In April of 1621, the Pilgrims decide that it is time to send back the Mayflower, the ship on which they sailed to America. They would have sent it back much sooner except that they’d faced so many challenges, including sickness and starvation. Nevertheless, the Pilgrims have adjusted to their new life, planting corn and fishing for food.
The Mayflower has been docked in the harbor for months, a sign of the enormous difficulties and crises of confidence that the Pilgrims suffered during their first year, and which they were able to overcome with the Native Americans’ help.
The colony experiences a setback when Governor Carver becomes ill and dies. William Bradford is then chosen governor, despite the fact that he’s very ill. Isaac Allerton is appointed Bradford’s assistant, and the two of them are reelected to their positions for several years to come.
There’s famine and disease throughout the Pilgrim settlement, and as a result Bradford is appointed governor, a position he’ll occupy for years to come. Hereafter, Bradford will sometimes refer to himself as “the Governor,” rather than using the first person.
On May 12, the colony celebrates its first marriage, performed by the magistrate. Soon after, the Pilgrims send gifts to Massasoyt to earn his trust—they send him clothes, which he accepts politely. Massasoyt’s people have become afflicted with a mysterious plague in the years leading up to the English colonists’ arrival, and thousands have died. Soon afterwards, the Pilgrims repay the Indians for the corn they took during their exploration of Cape Cod.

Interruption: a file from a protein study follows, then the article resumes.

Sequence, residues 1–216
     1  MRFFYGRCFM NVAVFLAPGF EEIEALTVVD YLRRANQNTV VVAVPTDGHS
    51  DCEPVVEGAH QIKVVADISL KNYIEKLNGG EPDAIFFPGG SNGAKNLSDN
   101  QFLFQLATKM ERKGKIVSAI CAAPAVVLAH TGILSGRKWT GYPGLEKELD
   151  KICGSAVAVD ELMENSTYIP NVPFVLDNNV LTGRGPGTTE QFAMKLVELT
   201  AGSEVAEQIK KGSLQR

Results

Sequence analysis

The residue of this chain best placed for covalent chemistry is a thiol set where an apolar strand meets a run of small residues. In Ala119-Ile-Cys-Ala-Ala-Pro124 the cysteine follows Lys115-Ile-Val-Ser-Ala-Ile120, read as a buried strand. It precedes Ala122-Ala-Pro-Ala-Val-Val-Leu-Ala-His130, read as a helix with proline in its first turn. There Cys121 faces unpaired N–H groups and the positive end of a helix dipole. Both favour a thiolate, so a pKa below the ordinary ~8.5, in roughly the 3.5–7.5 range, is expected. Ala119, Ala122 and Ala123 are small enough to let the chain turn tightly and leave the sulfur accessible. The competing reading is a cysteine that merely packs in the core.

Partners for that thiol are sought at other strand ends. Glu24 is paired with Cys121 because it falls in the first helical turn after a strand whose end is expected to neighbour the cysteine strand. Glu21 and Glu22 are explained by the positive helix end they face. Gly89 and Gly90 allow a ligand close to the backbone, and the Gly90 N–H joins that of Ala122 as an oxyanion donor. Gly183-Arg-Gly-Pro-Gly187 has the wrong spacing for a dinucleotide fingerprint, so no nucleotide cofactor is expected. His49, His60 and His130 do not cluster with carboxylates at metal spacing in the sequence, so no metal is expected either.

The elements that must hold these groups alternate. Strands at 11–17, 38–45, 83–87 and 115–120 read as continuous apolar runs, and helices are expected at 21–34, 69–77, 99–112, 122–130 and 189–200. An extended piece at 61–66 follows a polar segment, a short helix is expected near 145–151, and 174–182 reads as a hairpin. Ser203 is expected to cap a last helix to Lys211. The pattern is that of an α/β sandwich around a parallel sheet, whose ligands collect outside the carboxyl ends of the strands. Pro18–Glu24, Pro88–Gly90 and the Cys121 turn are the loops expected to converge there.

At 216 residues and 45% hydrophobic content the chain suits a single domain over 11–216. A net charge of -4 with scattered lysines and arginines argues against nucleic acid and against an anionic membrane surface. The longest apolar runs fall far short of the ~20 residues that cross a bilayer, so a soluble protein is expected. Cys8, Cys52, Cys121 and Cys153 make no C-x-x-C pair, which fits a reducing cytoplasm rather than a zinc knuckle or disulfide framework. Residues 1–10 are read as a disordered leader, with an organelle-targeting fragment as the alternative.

The first marriage on the plantation symbolizes the introduction of Christian religious institutions into the New World, and a sign that, while the Pilgrims’ lives are hard, they’re preserving “civilization” in their new home. Bradford couldn’t have known that the mysterious plague he describes was actually a smallpox epidemic brought by the English settlers.
Later in the year, an Indian named Hobbamok comes to live with the Pilgrims. Hobbamok and Squanto later become embroiled in an argument with another Indian named Corbitant, and Hobbamok reports to the Pilgrims that Corbitant may have attacked Squanto. To defend the Pilgrims’ friend, Governor Bradford sends armed men to punish Corbitant, only to find that Squanto is alive and well—Corbitant only threatened to hurt him.
Disagreements break out between the Pilgrims and the Native Americans, and the Pilgrims are forced to back some Native Americans against others. In early New England history, there are many other “close calls” like the one described here.
On September 18, the Pilgrims send an expedition to the Massachusetts Bay, with Mr. Edward Winslow as the leader and Squanto as the interpreter. Squanto explains that there is a wild tribe of Indians, the Tarantines, living in Massachusetts. However, the Tarantines receive the Pilgrims politely, and give them beaver skins and other supplies. By this time, the Pilgrims have developed their own agriculture. In November a ship arrives carrying Robert Cushman, along with thirty-five others. Many of these people aren’t reformers at all, and when they see how desolate the Pilgrims’ lives are, some want to return to England. However, the ship’s captain prevents them from doing so.